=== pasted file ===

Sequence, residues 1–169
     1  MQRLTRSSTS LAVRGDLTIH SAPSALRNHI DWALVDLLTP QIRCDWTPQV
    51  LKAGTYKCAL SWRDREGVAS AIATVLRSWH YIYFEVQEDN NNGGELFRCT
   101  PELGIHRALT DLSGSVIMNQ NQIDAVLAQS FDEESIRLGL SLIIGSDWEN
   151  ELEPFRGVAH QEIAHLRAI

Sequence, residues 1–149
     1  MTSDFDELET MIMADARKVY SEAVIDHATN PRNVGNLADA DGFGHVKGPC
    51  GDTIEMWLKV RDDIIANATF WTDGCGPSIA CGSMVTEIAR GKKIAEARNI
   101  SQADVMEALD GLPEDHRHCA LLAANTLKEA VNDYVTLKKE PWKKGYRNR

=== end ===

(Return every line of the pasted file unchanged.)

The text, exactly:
Sequence, residues 1–169
     1  MQRLTRSSTS LAVRGDLTIH SAPSALRNHI DWALVDLLTP QIRCDWTPQV
    51  LKAGTYKCAL SWRDREGVAS AIATVLRSWH YIYFEVQEDN NNGGELFRCT
   101  PELGIHRALT DLSGSVIMNQ NQIDAVLAQS FDEESIRLGL SLIIGSDWEN
   151  ELEPFRGVAH QEIAHLRAI

Sequence, residues 1–149
     1  MTSDFDELET MIMADARKVY SEAVIDHATN PRNVGNLADA DGFGHVKGPC
    51  GDTIEMWLKV RDDIIANATF WTDGCGPSIA CGSMVTEIAR GKKIAEARNI
   101  SQADVMEALD GLPEDHRHCA LLAANTLKEA VNDYVTLKKE PWKKGYRNR